The Coastal Commission’s reaction to this project in Santa Cruz demonstrates an unwillingness to abide by the LCP that it previously approved. The Commission staff objected to the project while it was still at the City Council. While the Coastal Commission had no formal role in that stage of the entitlement process, its criticisms about a pending project were doubtlessly understood as a preview of staff opposition in the event of a future appeal.

In a letter to the Santa Cruz City Council on November 10, 2020, the Coastal Commission staff conceded that “the Coastal Commission approved a City Local Coastal Program (LCP) amendment in 2018 that was in part meant to help facilitate the provision of such housing downtown, including specifically allowing increased height at the subject site so that such projects could better ‘pencil out.’”[68]

Despite the clarity and predictability that the LCP was intended to provide, the Coastal Commission staff argued that new ad hoc considerations outside of the LCP should caution against approving the project. Coastal Commission correspondence to the City argued that:

It appears that the proposed buildings may adversely impact visual resources if the already substantial design height and bulk allowed by the LCP are increased through the use of variances and exceptions, as discussed above. It is unclear how increasing the maximum building height permitted in the Downtown Plan’s ‘Additional Height Zone B’ area from 70 feet to the proposed 81 feet will protect visual resources, or if this proposed increase is even permissible by the LCP.[69]

The Coastal Commission’s letter went on to list a number of additional objections and concerns. The Santa Cruz City Council nonetheless approved the project at its January 12, 2021 meeting.[70]

Several weeks later, when the Commission heard an appeal of the project, the Commission staff issued a report that recited many of the same objections. While those objections were sufficient to embolden staff to oppose the project at the city council two months earlier, they were insufficient to either support a recommendation of substantial issue, or even merit the typical demand for a waiver of the 49-day review deadline.[71]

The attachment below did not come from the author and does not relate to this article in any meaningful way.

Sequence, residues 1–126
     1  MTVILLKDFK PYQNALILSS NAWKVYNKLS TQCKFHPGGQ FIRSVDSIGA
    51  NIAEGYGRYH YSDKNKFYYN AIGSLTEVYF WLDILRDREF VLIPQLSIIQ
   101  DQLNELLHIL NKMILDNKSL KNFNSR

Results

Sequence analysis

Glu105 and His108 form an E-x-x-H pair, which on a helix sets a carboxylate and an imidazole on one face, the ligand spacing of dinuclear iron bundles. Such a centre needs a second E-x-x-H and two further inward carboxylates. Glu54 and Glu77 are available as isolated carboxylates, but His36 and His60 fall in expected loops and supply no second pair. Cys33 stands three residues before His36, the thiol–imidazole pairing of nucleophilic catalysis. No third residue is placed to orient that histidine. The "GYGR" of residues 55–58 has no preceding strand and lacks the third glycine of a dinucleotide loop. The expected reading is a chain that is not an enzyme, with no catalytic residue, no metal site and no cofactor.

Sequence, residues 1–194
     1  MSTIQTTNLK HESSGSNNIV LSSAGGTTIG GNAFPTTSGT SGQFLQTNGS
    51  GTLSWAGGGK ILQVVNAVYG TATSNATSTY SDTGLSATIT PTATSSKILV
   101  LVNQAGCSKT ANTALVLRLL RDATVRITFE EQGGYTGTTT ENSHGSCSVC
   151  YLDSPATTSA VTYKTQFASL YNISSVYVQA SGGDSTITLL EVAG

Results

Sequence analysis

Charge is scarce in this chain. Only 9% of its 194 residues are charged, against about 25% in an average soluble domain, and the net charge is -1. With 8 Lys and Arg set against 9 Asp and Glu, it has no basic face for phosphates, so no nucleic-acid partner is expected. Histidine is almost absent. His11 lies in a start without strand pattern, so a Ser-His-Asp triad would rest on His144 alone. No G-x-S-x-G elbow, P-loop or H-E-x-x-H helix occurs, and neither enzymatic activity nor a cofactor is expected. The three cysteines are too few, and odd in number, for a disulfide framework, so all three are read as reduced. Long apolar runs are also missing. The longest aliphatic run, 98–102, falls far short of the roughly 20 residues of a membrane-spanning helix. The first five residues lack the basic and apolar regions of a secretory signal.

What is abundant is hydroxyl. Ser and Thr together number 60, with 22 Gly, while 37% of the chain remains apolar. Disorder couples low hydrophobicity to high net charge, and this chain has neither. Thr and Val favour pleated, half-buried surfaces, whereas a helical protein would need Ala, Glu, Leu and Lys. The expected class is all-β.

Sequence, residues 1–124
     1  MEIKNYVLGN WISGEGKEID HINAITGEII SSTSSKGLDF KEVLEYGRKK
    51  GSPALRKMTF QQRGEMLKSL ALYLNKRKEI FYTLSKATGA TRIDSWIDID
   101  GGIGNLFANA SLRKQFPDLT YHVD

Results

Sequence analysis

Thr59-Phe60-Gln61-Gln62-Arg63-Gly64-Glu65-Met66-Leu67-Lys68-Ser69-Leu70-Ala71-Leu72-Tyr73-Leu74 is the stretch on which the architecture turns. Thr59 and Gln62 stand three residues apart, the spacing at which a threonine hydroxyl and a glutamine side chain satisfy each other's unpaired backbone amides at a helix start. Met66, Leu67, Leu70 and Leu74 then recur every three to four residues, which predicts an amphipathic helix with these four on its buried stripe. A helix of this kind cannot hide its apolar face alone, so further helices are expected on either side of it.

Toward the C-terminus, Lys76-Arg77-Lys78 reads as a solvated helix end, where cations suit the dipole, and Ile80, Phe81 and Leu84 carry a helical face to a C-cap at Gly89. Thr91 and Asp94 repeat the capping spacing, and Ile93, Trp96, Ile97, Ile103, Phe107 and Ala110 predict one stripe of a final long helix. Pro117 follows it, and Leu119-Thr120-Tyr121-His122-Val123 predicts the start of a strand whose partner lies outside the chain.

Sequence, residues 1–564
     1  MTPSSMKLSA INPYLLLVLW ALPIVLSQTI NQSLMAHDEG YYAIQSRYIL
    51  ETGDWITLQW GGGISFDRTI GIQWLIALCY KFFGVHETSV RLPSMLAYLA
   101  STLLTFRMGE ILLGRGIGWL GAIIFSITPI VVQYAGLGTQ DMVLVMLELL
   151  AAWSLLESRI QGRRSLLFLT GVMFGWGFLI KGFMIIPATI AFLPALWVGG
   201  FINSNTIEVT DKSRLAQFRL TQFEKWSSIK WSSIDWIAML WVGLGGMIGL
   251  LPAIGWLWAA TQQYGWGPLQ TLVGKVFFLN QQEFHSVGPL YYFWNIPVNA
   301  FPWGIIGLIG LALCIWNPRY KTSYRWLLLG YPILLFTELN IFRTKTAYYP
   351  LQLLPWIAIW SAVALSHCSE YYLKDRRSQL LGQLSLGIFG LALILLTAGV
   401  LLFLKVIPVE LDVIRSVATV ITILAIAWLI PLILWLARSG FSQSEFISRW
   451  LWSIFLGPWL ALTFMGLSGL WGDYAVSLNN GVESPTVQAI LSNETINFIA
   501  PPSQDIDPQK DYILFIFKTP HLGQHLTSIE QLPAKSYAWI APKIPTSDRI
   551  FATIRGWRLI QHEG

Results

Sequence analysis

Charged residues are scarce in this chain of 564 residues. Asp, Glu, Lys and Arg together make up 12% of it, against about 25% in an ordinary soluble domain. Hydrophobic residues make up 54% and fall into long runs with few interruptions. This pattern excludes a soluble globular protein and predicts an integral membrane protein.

In support of the project, and in opposition to the Coastal Commission staff’s objections, Santa Cruz Assistant Director of Planning and Community Development Eric Marlatt told a local news publication, “Look at its location. It’s right across the street from literally the main transportation hub for the entire county.”[72]

Instead of making a good faith effort to live by the LCP that the Coastal Commission had previously approved, Coastal Commission staff attempted to get the City of Santa Cruz to deny the project based on considerations outside of the scope of the LCP. This signals the Coastal Commission’s unwillingness to be bound even by its own approved LCP. It significantly undermines the reliability of LCPs generally as a mechanism for implementing Density Bonus Law and other housing reforms.

It is notable that the Coastal Commission staff communications to the City of Santa Cruz suggested that the proposed use of Density Bonus Law would subject the project to an appeal, delay, and potentially denial by the Coastal Commission. Yet when the Coastal Commission staff outlined its recommendation to the Coastal Commissioners themselves, it adopted a more modest and legally defensible commitment to its own adopted LCP. When communicating to an outside agency and local elected officials, Coastal Commission staff implied an inflated ability to derail the project. Yet when they articulated their concerns to the Commissioners, to whom they report, they exercised more restraint and accountability.[73]

In the five examples discussed above, the Commission opposed, delayed or killed projects on the basis of concerns about parking, neighborhood character, views, scale and massing, and other objections that are common in every local neighborhood planning debate. The Commission styles itself as a protector of the environment. The five examples have one glaring thing in common: none of the Commission’s objections were based on any factors that an ordinary person would characterize as an environmental concern.

Climate Change and Transportation in the
Coastal Zone

The above section focused on a number of examples where the Coastal Commission has undermined or ignored the Legislature’s policies to reduce residential segregation, and to produce deed-restricted affordable homes. The Coastal Commission also plays an important role for reviewing, approving, and denying policies related to climate change and transportation within the Coastal Zone.